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Proteomics. 2008 Dec;8(23-24):4976-86. doi: 10.1002/pmic.200800165.

A proteome analysis of the cadmium and mercury response in Corynebacterium glutamicum.

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Department of Chemical-Technical Analysis, Research Center Weihenstephan for Brewing and Food Quality, Technical University of Munich, Freising-Weihenstephan, Germany.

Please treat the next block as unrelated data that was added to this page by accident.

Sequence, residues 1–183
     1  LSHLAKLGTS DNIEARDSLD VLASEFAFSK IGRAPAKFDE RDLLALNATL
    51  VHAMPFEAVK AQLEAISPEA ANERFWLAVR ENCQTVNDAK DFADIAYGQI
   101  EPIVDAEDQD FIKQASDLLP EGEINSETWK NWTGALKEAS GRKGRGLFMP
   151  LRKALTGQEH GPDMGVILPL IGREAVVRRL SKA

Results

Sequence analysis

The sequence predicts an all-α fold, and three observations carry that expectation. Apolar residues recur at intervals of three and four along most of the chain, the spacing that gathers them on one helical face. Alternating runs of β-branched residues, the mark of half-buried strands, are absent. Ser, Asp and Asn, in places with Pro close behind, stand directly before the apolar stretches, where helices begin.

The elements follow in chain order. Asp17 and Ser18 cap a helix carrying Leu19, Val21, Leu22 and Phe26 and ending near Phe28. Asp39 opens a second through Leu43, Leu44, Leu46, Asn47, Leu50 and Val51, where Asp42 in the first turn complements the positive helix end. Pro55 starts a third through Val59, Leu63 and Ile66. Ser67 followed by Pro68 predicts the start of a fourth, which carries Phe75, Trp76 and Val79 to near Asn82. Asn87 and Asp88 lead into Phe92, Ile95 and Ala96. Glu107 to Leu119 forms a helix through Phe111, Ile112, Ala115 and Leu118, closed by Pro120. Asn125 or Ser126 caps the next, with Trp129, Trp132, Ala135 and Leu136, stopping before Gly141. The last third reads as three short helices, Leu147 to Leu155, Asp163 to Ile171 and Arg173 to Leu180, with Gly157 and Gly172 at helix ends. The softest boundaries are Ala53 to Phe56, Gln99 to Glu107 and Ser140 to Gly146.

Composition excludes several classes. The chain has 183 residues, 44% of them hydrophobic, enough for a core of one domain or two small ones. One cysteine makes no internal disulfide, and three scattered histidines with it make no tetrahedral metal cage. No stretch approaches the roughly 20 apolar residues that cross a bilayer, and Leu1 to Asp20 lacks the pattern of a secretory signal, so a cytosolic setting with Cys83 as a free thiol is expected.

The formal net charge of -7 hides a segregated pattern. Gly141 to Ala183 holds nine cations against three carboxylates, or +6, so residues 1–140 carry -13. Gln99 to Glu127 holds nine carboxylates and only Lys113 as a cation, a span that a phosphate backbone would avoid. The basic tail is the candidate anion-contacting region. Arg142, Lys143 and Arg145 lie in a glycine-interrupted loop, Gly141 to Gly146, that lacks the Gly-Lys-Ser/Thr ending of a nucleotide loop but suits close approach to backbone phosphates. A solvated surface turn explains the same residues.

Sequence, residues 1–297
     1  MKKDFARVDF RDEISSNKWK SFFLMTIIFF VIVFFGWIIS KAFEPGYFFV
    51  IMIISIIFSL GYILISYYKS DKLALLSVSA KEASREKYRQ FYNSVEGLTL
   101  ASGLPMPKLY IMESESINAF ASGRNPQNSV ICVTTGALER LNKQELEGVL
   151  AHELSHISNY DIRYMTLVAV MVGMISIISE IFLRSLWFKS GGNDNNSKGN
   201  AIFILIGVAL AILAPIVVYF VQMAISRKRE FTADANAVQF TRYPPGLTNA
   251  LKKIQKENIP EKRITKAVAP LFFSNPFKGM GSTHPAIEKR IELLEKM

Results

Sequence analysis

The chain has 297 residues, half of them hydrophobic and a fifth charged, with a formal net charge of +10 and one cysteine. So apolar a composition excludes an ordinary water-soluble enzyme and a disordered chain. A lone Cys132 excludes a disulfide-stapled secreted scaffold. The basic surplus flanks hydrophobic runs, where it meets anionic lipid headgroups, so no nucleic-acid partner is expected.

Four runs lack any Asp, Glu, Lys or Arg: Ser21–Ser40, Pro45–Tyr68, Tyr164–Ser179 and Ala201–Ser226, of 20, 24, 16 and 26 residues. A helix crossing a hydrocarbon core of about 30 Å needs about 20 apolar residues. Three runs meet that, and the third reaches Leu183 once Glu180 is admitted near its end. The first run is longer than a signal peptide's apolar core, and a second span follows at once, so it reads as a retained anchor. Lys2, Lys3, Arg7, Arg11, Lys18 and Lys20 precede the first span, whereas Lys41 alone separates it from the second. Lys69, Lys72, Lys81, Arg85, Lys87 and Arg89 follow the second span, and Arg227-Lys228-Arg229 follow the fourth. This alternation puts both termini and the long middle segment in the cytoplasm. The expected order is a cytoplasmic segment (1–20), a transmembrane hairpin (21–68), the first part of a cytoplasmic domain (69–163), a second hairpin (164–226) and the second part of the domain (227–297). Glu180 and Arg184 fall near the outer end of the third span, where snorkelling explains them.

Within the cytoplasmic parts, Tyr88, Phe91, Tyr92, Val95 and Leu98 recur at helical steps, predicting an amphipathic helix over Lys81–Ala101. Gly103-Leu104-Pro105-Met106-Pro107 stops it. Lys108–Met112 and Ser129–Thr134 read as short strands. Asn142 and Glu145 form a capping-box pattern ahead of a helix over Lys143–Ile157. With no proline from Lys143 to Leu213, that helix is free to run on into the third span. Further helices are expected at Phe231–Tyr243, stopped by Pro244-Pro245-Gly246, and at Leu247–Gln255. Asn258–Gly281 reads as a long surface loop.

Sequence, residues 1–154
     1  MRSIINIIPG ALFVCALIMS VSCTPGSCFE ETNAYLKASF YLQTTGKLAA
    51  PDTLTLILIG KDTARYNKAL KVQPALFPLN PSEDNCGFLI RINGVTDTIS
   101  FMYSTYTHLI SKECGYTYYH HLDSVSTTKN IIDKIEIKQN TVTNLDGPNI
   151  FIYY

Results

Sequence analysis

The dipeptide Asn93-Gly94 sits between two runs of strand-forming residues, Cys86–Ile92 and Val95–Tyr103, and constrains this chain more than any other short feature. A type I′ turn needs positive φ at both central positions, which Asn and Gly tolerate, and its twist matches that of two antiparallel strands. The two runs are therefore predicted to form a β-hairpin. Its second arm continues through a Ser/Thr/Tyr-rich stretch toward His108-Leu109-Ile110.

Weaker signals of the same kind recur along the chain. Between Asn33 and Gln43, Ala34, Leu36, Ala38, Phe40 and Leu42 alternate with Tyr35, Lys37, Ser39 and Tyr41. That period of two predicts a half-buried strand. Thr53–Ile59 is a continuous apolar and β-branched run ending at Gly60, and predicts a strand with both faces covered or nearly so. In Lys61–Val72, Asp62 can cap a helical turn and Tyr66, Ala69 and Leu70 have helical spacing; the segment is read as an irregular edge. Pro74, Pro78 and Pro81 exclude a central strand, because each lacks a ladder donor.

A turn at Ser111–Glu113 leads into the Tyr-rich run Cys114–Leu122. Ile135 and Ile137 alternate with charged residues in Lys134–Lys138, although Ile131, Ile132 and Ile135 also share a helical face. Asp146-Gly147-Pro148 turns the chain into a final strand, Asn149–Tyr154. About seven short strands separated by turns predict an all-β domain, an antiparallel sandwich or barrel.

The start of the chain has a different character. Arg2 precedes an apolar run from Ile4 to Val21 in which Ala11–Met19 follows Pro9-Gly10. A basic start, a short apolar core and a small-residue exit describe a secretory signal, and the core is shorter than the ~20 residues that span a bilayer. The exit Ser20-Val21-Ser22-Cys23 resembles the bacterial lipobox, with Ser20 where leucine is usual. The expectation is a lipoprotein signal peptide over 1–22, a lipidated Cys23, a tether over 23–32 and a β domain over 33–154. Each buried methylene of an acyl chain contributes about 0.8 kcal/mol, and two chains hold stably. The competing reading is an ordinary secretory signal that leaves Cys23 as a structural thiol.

Cadmium and mercury are well-known toxic heavy metals, but the basis of their toxicity is not well understood. In this study, we analyzed the cellular response of Corynebacterium glutamicum to sublethal concentrations of cadmium and mercury ions using 2-DE and MS. Mercury induced the over-expression of 13 C. glutamicum proteins, whereas 35 proteins were induced, and 8 proteins were repressed, respectively, under cadmium stress. The principal response to these metals was protection against oxidative stress, as demonstrated by upregulation of, e.g., Mn/Zn superoxide dismutase. Thioredoxin and oxidoreductase responded most strongly to cadmium and mercury. The increased level of heat-shock proteins, enzymes involved in energy metabolism, as well as in lipoic acid and terpenoid biosynthesis after the treatment of cells with cadmium was also registered. Identification of these proteins and their mapping into specific cellular processes enable a global understanding of the way in which C. glutamicum adapts to heavy-metal stress and may help to gain deeper insight into the toxic mechanism of these metals.

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